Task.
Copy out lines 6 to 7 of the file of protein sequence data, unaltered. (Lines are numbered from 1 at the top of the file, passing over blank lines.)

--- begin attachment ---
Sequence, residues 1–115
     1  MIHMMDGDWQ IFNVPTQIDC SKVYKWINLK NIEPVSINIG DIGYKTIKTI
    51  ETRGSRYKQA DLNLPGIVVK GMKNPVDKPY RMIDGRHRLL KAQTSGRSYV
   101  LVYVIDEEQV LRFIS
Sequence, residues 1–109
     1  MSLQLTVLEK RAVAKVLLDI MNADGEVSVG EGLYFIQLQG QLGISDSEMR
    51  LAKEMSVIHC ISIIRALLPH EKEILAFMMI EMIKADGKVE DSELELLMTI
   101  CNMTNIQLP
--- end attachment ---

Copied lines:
     1  MSLQLTVLEK RAVAKVLLDI MNADGEVSVG EGLYFIQLQG QLGISDSEMR
    51  LAKEMSVIHC ISIIRALLPH EKEILAFMMI EMIKADGKVE DSELELLMTI